LIVINGSTON MANOR — Catskill Art Space is pleased to announce three solo exhibitions with work from Carter Hodgkin, Nene Humphrey and Jon Kline. The exhibitions will be on view in the ground …
LIVINGSTON MANOR — Catskill Art Space is pleased to announce three solo exhibitions with work from Carter Hodgkin, Nene Humphrey and Jon Kline. The exhibitions will be on view in the ground floor galleries of Catskill Art Space, 48 Main Street, Livingston Manor, NY from March 25 through May 6, 2023. Exhibition hours are Friday and Saturday, 11am – 5pm, and Sunday 11am – 3pm. The three artists pull from interdisciplinary pursuits grounded in science to explore their respective artistic practices. Hodgkin draws on particle physics and forms in nature, creating code generated particle collisions to inform her painting. Humphrey’s installation, inspired by dreams, goes as far as to offer video of the amygdala filmed through a high-powered microscope at the LeDoux lab at New York University, where she is the artist-in-residence. Kline uses light sensitive paper to capture the sky at different times, closely attuned to place and shifts in light.
Carter Hodgkin, Visual Fields, connects digital technology and painting, utilizing conceptual and chance-based themes to create her mesmerizing work. In this series, the artist modifies code attune to gravity, exploring particulates’ descent and reverberations upwards. Hodgkin extracts a digital file of the collision, transforming the image into a mosaic, applying hand-painted paper squares onto painted canvas. The painting becomes a mediation between defining and dissolving the pictorial plane, evoking microscopic landscapes from outer space or the ocean depths. What emerges are paintings which reflect a tension between technology and handcraft, exploring a relationship between algorithmic data and the pictorial.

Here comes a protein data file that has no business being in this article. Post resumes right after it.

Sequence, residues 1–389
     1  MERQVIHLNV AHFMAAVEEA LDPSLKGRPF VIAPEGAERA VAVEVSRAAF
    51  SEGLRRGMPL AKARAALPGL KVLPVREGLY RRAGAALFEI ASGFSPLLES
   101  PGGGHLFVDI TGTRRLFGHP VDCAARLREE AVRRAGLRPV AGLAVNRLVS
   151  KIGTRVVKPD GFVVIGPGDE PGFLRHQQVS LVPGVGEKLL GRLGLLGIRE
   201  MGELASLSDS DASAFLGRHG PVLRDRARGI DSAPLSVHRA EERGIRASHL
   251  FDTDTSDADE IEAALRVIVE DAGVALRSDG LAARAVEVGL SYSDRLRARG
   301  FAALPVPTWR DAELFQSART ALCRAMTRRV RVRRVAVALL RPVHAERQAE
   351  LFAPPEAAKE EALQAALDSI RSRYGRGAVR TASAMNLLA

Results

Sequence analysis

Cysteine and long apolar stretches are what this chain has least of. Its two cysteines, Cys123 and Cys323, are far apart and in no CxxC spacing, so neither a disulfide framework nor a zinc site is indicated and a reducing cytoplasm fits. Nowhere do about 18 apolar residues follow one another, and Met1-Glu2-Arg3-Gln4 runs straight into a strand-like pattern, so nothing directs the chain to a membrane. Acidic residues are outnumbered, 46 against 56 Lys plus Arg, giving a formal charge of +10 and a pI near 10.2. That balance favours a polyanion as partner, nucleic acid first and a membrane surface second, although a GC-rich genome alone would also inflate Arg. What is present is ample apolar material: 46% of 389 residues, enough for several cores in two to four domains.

Nene Humphrey will present This Like a Dream Keeps Other Time, a series of video, sonic and performative works created in collaboration with jazz musicians Matana Roberts and Staar Busby, along with video designer Simon Harding. Together, the works create a tangible space that mirrors the ephemeral part of the brain where complex emotions are born. These works were inspired by a dream the artist had in which she was learning to sing from “choir ladies” at Plainview Baptist, her late husband’s family church in rural Georgia. The works investigate both the overlooked importance of dreaming to our psychological health and scientific research demonstrating that feelings of well-being and mood elevation are programmed biologically to surface with communal singing.
Jon Kline’s work explores the subtle language of natural light and time, working with both cameras and light sensitive paper. Each piece involves observing, measuring, recording, and comparing the color and intensity of the overhead sky at specific moments in time from one place and from multiple places on the globe. Employing both alternative and digital means, Kline’s photographic and film projects explore the primacy of light and temporality. Kline’s presentation at CAS will include two murals that record the sequential shift in the color and intensity of light at a specific moment in time at this latitude.
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